I was asked to write an article around ‘bottom-up planning’ by Architectural Review Australia a while ago. It was published in the last issue, and I’m re-posting here. ‘Bottom-up’ is hardly the most elegant phrase, but I suspect you know what I mean. Either way, I re-cast it in the article as ‘emergent urbanism’ which captured a little more of the non-planning approaches I was interested in (note also the blog of same name, which I didn’t know about beforehand).
It partly concerns increased transparency over the urban planning process but also, and perhaps more interestingly, how citizens might be able to proactively engage in the creation of their cities. While it applies to Australian cities most closely, I hope the ideas here might be more generally interesting.
And for those of you outside Australia, there are a few subtitles required to read this. The ‘iSnack 2.0 debacle’ refers to Kraft’s unbelievably wrong-headed approach to ‘crowd-sourcing’ (sort of) a new name for a new cheesy derivative on the legendary Vegemite spread - more here.
And regarding this broad idea of emergent urbanism, a particularly inspirational recent project over this way has been ‘Renew Newcastle’ (Newcastle, New South Wales that is) initiated by Marcus Westbury. I mention it briefly in the AR piece, but it’s worth spending a little more time on it.
I’ve been working with Marcus on The Edge project in Brisbane over the last year, and it’s been hugely heartening to watch the project’s development from relatively low-key beginnings to its now-evident success.
In short, the city of Newcastle, NSW is the largest coal port in the world. Yet as the harbour has essentially become a giant open mouth belching coal to China, and people and other business have drifted to the suburbs (an over-simplification, but ...), the historic core of the city has hollowed out, leaving numerous vacant buildings. Heading into the heart of all this, the Renew Newcastle project enabled small businesses, artists, entrepreneurs and various creatives to find a temporary home in these largely unoccupied city centre spaces. By liaising with the building owners, the project found a way of offering super-short-term leases at peppercorn rents in all kinds of pretty vacant spaces. They overlaid a free wi-fi network, enabling basic connectivity, and offered a few other basic amenities. The smart trick of the rolling 30-day lease gave start-ups a contract they could afford to get into, and landlords a secure way of getting them out of it should a better offer arise. Simple.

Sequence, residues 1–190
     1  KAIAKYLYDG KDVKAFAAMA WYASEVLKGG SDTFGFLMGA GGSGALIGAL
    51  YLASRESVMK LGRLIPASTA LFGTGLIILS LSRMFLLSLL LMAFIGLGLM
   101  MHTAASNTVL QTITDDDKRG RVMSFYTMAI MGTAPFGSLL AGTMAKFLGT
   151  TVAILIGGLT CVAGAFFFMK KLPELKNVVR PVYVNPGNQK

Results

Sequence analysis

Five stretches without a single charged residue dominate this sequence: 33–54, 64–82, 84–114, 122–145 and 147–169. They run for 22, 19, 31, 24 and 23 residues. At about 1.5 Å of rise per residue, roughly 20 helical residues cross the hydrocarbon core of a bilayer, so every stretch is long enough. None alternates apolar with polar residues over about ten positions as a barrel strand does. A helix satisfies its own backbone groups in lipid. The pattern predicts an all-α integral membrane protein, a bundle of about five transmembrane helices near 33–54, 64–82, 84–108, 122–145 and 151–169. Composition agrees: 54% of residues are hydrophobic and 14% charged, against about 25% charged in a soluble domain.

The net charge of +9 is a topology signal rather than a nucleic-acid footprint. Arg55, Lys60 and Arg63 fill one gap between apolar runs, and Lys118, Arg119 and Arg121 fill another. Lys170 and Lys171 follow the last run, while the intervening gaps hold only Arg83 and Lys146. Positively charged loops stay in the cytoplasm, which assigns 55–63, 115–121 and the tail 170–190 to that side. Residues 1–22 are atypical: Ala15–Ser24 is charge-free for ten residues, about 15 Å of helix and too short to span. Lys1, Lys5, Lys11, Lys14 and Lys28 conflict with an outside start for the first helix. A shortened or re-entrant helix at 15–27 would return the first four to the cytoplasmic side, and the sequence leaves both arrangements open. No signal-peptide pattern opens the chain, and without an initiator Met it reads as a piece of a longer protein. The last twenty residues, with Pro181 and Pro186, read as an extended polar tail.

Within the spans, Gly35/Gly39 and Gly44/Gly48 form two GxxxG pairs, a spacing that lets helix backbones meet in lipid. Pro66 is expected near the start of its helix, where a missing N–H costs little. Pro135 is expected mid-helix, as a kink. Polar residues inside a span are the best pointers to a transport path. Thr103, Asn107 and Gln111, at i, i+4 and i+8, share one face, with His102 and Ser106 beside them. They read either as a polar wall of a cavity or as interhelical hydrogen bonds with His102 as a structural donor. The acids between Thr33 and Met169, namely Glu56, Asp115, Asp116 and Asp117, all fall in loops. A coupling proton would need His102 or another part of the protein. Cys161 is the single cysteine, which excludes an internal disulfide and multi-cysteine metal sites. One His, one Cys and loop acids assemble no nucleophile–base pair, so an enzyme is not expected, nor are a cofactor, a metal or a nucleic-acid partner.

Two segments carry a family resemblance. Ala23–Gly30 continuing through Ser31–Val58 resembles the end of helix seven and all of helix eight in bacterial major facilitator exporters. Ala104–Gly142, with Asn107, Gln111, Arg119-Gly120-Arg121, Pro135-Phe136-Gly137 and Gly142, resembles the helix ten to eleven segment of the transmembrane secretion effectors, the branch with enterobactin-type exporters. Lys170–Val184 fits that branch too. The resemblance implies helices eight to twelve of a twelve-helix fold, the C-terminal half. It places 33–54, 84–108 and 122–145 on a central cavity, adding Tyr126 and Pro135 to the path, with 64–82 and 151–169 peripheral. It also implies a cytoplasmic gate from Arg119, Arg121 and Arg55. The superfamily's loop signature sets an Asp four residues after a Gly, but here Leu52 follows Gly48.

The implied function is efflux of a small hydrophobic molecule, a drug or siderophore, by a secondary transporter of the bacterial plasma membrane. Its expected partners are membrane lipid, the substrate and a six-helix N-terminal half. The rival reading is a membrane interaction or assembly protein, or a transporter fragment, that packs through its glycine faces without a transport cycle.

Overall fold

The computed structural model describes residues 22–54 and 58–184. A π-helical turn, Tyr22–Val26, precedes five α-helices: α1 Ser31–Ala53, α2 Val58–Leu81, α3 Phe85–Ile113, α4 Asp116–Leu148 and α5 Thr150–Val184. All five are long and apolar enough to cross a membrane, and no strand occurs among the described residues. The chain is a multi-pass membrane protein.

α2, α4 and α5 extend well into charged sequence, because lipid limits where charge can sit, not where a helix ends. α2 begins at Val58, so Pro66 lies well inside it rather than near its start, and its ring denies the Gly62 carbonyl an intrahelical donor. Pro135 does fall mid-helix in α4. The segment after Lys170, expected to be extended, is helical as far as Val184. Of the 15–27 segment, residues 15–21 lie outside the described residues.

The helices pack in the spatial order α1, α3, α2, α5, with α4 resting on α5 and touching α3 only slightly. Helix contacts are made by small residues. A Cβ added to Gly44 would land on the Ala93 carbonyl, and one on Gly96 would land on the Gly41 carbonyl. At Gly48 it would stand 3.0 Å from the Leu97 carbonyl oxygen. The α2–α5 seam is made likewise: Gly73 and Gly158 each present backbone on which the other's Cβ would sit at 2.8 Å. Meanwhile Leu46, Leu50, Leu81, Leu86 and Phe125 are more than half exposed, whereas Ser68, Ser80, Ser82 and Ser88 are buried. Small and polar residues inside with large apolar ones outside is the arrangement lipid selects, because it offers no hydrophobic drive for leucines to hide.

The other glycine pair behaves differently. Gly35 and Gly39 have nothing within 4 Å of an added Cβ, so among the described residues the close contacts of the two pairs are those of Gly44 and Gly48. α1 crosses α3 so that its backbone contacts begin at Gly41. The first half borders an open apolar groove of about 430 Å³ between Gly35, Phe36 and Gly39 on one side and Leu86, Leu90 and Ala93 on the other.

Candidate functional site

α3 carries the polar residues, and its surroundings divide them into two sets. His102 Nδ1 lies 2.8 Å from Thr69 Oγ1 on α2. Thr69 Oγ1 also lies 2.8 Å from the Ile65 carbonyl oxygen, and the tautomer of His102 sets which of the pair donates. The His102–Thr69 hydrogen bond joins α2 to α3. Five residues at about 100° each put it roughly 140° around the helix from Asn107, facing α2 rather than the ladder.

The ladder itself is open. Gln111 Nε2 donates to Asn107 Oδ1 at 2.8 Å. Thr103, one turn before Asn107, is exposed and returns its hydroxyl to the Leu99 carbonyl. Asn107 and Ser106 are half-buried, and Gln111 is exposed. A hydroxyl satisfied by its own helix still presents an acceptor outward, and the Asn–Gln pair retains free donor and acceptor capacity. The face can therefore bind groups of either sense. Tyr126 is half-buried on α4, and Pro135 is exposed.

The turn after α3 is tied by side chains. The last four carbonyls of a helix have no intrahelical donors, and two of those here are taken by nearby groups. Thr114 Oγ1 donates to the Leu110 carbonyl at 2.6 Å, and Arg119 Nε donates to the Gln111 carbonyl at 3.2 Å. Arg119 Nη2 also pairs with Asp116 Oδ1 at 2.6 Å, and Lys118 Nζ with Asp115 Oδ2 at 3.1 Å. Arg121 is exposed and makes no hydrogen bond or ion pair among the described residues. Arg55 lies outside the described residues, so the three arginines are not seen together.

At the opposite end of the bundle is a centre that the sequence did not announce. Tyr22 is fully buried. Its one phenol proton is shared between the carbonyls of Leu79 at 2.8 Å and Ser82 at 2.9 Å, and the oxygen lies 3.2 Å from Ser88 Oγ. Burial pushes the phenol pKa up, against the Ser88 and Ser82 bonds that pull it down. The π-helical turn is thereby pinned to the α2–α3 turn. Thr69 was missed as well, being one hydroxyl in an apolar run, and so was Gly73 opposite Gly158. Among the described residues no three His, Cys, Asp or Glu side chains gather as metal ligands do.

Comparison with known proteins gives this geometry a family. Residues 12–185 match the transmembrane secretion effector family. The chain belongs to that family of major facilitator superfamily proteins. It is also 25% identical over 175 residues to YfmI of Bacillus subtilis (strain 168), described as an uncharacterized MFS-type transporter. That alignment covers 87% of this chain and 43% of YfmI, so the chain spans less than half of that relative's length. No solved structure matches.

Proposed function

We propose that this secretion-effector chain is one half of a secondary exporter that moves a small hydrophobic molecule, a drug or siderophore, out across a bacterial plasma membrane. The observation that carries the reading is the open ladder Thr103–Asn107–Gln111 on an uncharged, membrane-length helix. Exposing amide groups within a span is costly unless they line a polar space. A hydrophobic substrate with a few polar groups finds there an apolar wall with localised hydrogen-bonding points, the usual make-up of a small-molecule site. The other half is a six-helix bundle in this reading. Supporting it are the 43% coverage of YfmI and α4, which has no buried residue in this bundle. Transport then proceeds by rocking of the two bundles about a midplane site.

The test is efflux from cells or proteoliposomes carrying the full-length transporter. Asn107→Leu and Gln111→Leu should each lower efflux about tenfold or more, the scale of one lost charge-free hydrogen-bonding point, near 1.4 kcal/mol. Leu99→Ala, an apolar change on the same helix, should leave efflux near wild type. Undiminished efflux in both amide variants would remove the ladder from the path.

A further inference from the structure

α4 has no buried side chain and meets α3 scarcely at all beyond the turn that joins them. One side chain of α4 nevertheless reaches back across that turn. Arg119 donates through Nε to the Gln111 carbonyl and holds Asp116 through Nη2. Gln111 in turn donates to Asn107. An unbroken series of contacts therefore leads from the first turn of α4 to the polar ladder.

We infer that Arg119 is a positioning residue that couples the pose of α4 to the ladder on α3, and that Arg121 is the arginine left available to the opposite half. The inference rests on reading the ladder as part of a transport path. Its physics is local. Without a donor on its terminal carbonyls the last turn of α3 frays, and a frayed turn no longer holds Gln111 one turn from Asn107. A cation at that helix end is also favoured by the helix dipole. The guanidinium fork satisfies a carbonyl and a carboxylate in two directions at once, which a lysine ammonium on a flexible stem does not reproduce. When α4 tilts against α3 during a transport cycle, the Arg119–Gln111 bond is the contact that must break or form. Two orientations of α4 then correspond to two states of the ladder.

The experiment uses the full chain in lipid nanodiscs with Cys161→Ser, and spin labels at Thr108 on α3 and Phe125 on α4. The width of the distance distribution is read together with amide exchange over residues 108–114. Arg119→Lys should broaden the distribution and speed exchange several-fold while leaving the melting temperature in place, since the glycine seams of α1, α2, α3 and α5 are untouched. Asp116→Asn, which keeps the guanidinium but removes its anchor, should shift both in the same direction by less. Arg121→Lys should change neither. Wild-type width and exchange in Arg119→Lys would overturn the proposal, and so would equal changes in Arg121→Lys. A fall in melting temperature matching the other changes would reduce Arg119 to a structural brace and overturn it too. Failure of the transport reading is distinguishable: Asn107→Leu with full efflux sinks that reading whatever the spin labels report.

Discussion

The project has been achieved without any meaningful funding at all (though funding came later - see comment from Marcus below). As a result, the almost derelict city centre is being used again, and the spaces are rapidly being reconfigured, becoming increasingly active, safe, productive.
I can think of few more positive examples of how to quickly make a genuine difference in cities I.e. not just at the surface layers of urban design, as important as that is, or festivals, or marketing, but at the very core of economic, cultural and social sustainability, with all the ensuring knock-on effects for repairing urban fabric and civic confidence. This is why cities exist, after all, and for Marucs and his colleagues to have addressed this aspect directly, with literally no funding, is thoroughly inspirational.
Do read Marcus’s account, written a few months ago now, and this update, which outlines the story. It’s chock-full of potential insight for urban projects elsewhere.
It’ll be interesting to observe how it develops from this point on. When we worked on the Northern Quarter Network about 15 years ago, the development of Network from start-up to ‘matured’ agency was tricky. It’s similar to the growing pains encountered by most start-ups, if they choose to take the ‘growth’ model of development. Renew Newcastle may fade into the woodwork, maintain its resourceful focus, grow to bigger and better things, franchise across different cities, or simply self-destruct (intentionally or not). In some respects this will be dictated by the development of Newcastle itself, but that’s now a symbiotic relationship. Whatever happens, these kind of stages are catalysts - akin to Jaime Lerner’s famous ‘urban acupunctures’ - and in that respect, it’s already done its job.
Since I wrote the piece, I've also discovered the YIMBY movement in Stockholm, which is one of the best things I’ve heard of recently in any field.
Yimby = Yes In My Backyard
This is evidence of what I was trying to get at with the piece below; that we need systems, structures, vocabularies, applications for enabling positive, progressive responses to our urban fabric that are derived from a love for the city.
With that, have a read. (And thanks to Mat Ward at AR for asking me to write it. And then secretly expecting, accounting for - and of course getting - double the word-count he asked for.)